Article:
Most powerful earthquake
The largest instrumentally measured
quake is generally acknowledged to be the
Chilean earthquake of 22 May 1960, which
had a magnitude of 9.5 using the moment
magnitude scale and 8.3 using the Richter
scale (
see For the Record
). In Chile, it killed
more than 2,000 people, injured 3,000 more
and left an estimated two million people
homeless. The resultant tsunami (giant wave)
caused great damage and around 200 deaths
thousands of kilometres away in Hawaii,
Japan and on the US west coast.
Deadliest earthquake
of modern times
At 9:53 p.m. (UTC*) on 12 January 2010, a
magnitude-7 earthquake struck with an
epicentre around 25 km (15 miles) west of
the Haitian capital Port-au-Prince. One year
after the disaster, official estimates from
the Haitian government put the number
of people killed by the quake at 316,000,
although other estimates place the death toll
as low as 100,000. Some 1.3 million people
were displaced by the earthquake and 97,294
houses destroyed. Much of Port-au-Prince
was reduced to rubble (
); to this day,
vast numbers of Haitians remain homeless.
* Coordinated Universal Time, the International
Telecommunications Union’s global time standard
strike-slips | fault ruptures | fires | tsunamis
The earliest modern
seismographs were developed
in 1848, but the oldest form
of earthquake-detecting
equipment can be traced
back to
132 in China. The
first device was designed
by the Chinese Astronomer
Royal, Zhang Heng, who built
a 15-cm-tall (6-in) bronze
vessel containing a pendulum.
Ground movement would
cause the pendulum to
dislodge balls, which would
fall into the mouths of bronze
sculptures formed in the
shape of toads, signalling
an earthquake.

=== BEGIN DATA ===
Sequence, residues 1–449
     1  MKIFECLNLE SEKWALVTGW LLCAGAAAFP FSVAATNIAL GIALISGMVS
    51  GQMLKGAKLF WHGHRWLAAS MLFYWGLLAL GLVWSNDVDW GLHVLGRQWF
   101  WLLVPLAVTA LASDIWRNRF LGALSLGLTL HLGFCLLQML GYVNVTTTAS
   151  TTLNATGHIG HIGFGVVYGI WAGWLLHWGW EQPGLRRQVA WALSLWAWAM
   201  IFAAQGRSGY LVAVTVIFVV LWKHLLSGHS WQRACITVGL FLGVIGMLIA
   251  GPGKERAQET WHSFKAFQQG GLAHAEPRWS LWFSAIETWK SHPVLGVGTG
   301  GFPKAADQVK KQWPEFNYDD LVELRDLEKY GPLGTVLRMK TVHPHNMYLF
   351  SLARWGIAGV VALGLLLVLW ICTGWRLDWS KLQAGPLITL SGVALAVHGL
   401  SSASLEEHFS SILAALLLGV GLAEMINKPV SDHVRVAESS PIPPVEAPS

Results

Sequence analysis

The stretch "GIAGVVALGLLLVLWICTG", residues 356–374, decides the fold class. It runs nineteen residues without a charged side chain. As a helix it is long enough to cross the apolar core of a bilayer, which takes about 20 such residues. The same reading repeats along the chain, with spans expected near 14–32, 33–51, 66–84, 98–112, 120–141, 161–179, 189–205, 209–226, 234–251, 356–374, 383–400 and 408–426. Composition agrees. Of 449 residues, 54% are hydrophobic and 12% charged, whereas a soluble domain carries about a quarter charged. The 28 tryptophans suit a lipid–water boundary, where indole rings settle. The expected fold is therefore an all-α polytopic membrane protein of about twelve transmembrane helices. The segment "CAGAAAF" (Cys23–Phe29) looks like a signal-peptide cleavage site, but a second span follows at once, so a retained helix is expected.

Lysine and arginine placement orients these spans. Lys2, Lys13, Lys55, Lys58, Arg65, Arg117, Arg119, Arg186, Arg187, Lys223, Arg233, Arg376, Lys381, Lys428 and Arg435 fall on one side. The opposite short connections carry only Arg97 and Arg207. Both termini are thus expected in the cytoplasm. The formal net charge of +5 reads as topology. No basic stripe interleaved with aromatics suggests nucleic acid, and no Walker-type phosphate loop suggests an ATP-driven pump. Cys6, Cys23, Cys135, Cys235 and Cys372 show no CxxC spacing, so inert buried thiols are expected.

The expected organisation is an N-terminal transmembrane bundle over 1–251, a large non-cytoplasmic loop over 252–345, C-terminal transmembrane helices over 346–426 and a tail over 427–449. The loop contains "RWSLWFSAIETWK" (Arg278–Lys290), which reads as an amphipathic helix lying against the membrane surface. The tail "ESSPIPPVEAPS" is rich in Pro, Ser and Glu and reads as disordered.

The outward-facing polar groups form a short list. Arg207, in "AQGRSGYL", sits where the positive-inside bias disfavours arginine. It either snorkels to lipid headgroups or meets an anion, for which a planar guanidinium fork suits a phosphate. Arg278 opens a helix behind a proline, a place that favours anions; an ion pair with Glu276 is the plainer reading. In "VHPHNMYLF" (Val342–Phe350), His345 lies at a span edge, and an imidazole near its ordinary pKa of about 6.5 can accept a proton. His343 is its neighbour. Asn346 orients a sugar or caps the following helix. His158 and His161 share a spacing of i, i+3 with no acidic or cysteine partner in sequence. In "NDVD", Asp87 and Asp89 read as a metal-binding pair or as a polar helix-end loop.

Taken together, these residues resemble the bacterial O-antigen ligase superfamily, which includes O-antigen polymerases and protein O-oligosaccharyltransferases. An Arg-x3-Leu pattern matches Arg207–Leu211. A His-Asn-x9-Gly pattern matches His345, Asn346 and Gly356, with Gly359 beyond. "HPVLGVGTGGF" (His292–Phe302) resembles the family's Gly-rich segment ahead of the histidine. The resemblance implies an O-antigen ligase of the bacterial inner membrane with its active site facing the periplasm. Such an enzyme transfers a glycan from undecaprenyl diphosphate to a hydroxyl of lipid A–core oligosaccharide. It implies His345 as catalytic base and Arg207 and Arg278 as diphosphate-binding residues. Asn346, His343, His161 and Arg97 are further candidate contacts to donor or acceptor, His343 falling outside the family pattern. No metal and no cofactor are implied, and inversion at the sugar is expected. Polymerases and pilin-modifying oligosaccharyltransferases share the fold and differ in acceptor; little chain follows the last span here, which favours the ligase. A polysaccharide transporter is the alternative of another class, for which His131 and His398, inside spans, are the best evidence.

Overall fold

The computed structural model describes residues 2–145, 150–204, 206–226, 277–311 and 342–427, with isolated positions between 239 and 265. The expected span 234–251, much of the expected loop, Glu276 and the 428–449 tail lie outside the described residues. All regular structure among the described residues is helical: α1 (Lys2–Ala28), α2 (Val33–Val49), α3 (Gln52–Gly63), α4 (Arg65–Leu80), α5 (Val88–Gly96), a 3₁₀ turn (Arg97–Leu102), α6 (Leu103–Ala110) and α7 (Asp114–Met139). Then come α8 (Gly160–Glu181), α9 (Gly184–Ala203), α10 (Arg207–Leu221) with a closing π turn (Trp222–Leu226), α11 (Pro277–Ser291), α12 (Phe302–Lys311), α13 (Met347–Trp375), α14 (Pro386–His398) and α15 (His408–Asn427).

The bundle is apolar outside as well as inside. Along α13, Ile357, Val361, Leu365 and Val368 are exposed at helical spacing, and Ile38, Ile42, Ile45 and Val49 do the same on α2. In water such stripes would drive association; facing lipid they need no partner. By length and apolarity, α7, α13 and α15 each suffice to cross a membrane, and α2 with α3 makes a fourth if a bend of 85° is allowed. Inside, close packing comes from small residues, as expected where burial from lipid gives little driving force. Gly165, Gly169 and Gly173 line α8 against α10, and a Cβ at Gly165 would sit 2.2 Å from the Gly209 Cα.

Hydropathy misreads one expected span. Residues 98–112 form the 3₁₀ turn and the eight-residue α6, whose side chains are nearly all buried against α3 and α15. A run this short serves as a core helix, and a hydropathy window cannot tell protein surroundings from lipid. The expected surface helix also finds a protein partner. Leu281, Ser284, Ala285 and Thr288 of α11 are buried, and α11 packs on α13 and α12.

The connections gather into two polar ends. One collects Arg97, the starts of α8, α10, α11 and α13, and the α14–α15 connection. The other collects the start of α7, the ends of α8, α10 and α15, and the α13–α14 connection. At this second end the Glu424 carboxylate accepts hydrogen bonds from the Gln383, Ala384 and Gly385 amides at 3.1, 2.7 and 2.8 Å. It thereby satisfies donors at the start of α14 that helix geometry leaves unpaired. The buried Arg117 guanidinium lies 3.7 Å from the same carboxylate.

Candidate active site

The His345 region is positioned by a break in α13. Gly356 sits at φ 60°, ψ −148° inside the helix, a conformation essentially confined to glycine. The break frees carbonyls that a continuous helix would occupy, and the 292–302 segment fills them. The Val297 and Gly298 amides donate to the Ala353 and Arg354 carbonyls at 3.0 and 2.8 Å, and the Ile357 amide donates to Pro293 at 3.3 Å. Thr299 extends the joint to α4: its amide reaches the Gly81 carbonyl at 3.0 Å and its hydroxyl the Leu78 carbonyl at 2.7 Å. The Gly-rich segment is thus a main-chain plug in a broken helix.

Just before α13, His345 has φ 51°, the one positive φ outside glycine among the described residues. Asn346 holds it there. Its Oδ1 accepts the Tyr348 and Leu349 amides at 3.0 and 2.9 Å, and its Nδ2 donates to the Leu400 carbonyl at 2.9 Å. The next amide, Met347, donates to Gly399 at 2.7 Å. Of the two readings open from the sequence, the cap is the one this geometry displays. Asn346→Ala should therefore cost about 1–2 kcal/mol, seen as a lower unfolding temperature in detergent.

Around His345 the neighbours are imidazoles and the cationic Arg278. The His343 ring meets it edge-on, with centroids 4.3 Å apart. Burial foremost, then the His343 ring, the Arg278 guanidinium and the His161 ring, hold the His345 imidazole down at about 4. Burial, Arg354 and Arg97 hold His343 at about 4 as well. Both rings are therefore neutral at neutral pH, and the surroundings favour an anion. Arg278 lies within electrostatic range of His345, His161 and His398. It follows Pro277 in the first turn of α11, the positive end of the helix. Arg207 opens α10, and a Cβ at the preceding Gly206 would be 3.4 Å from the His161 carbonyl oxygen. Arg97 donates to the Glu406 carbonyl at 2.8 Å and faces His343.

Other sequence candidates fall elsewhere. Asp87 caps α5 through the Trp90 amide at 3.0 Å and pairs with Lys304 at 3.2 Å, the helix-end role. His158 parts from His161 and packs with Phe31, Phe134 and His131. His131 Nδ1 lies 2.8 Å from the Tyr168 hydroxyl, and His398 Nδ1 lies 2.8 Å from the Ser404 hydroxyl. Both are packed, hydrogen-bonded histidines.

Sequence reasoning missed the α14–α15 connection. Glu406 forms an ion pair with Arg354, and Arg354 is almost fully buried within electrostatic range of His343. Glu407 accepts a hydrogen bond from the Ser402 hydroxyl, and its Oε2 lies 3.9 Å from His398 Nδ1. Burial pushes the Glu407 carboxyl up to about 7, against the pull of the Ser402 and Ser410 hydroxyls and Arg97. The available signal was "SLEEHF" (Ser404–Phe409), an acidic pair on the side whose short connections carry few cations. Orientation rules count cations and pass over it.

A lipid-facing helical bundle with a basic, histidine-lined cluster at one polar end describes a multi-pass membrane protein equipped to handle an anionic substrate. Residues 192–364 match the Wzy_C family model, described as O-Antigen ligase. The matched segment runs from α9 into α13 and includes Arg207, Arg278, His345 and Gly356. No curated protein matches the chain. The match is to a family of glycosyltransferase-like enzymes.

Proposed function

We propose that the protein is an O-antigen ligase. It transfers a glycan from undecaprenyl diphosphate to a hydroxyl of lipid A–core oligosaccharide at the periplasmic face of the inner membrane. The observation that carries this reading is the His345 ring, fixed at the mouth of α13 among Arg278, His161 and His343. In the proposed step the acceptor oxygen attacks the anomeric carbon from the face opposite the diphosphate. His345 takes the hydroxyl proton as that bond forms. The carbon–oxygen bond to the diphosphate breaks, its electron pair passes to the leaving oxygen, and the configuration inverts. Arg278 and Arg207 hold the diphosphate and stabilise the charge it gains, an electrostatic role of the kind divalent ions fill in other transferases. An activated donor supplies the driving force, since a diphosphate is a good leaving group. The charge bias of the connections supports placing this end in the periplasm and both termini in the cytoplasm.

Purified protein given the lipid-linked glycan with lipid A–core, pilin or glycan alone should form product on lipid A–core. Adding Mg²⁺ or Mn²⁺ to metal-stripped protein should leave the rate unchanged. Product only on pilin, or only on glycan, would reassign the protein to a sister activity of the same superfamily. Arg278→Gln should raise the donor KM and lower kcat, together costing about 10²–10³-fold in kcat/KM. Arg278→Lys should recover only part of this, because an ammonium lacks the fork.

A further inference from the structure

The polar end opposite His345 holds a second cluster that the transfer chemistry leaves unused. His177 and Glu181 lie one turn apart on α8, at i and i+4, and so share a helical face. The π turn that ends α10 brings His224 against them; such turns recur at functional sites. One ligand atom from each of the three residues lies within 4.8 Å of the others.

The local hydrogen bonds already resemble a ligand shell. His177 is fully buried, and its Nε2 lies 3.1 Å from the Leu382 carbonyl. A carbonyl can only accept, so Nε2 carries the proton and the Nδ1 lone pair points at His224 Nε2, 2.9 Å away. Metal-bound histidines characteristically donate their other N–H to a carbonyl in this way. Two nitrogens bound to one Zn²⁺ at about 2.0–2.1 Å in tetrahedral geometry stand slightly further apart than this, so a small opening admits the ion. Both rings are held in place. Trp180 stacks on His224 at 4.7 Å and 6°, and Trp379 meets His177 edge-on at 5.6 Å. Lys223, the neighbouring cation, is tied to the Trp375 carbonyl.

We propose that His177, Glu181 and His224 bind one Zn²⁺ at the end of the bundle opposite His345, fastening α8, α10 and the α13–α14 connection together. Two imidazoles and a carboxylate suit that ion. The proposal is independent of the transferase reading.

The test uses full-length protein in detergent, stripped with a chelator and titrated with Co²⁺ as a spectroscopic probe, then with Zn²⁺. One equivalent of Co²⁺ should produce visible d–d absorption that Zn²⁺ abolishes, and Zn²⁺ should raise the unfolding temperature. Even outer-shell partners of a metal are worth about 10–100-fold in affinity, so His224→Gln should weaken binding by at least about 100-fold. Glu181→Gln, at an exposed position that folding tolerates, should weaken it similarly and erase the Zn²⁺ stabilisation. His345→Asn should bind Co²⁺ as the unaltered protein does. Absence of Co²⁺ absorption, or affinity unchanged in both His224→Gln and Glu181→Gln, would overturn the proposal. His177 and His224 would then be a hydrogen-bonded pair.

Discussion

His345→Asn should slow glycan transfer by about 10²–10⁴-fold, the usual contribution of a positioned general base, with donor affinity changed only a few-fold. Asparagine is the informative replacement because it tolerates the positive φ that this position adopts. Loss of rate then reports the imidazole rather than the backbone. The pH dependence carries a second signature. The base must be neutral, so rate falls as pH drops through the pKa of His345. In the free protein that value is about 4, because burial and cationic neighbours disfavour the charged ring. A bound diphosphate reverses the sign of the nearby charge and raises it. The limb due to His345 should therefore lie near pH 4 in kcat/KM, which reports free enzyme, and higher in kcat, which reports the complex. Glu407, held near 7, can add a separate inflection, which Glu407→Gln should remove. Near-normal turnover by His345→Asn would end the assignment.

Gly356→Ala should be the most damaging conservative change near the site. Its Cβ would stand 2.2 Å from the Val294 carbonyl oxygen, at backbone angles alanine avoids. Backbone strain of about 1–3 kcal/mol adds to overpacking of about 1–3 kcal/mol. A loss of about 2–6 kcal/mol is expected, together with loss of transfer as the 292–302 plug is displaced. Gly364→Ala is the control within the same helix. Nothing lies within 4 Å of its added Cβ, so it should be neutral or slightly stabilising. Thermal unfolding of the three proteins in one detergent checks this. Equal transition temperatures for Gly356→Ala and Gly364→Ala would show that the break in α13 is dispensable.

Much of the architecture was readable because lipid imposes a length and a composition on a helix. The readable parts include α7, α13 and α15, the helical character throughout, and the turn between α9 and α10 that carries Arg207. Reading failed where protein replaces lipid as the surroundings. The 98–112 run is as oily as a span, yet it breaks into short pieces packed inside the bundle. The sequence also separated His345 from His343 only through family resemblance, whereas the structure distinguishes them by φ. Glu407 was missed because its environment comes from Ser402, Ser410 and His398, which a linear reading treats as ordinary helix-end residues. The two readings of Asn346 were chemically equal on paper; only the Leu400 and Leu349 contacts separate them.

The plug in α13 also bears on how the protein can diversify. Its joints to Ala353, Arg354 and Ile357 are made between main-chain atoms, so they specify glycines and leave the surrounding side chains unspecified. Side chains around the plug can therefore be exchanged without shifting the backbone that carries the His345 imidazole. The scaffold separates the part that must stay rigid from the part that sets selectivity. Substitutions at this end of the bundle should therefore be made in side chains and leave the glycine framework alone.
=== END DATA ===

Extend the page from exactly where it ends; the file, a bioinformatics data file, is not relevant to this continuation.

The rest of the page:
First seismograph
Highest estimated death
toll from an earthquake
An estimated 830,000 fatalities
occurred after a prolonged
earthquake (or
) took
place in the Shaanxi, Shanxi
and Henan provinces of China
on 23 January 1556.
Year with the most
major earthquakes
According to data from the
US Geological Survey, Earth
experiences an average of 16 major
earthquakes with a magnitude
of 7 or above each year. Since
long-term records began, around
1900, the year with the most
major quakes was 2010, in which
there were 24 earthquakes with
magnitudes measuring 7 or above.
Worst devastation
caused by a quake
The quake on the
Kanto plain, Japan, on
1 September 1923 had a
magnitude of 7.9. In Tokyo
and Yokohama, 575,000
dwellings were destroyed.
The official total of persons killed
and missing in what was called
(“great quake”)
and resultant fires is 142,800.
Most powerful
strike-slip earthquake
At 8:30 a.m. (UTC) on 11 April 2012,
an 8.6-magnitude earthquake
struck in the eastern Indian Ocean.
Fears that the three-minute event
would cause a major tsunami
were unfounded as the quake was
of a strike-slip nature, in which
the Earth’s crust was displaced
horizontally either side of the fault,
rather than upwards or downwards.
Longest earthquake
The Great Sumatra-Andaman
earthquake in the Indian Ocean
on 26 December 2004 lasted for
between 500 and 600 seconds.
It had a moment magnitude of 9.1.
These results were announced in
the journal
in May 2005.
The event also gave rise to
longest earthquake fault
rupture ever measured
in terms
of distance. The rupture occurred
along an estimated 1,200–
1,300 km (720–780 miles)
16 Dec 1920:
Haiyuan, China
Death toll: 200,000
Magnitude: 7.8
1 Sep 1923:
Kanto, Japan
Death toll: 142,800
Magnitude: 7.9
27 Jul 1976:
Tangshan, China
Death toll: 242,769
Magnitude: 7.5
31 May 1970:
Chimbote, Peru
Death toll: 70,000
Magnitude: 7.9
5 Oct 1948: Ashgabat, Turkmen
Soviet Socialist Republic
Death toll: 110,000
Magnitude: 7.3
DEADLIEST EARTHQUAKES of the past 100 years
Source: US Geological Survey
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